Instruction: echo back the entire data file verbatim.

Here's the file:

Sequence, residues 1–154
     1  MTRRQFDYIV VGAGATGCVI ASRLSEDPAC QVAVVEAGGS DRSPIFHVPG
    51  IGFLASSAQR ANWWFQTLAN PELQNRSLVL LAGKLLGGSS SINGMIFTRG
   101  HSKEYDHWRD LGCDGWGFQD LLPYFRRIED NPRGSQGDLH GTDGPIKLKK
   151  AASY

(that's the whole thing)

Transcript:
Sequence, residues 1–154
     1  MTRRQFDYIV VGAGATGCVI ASRLSEDPAC QVAVVEAGGS DRSPIFHVPG
    51  IGFLASSAQR ANWWFQTLAN PELQNRSLVL LAGKLLGGSS SINGMIFTRG
   101  HSKEYDHWRD LGCDGWGFQD LLPYFRRIED NPRGSQGDLH GTDGPIKLKK
   151  AASY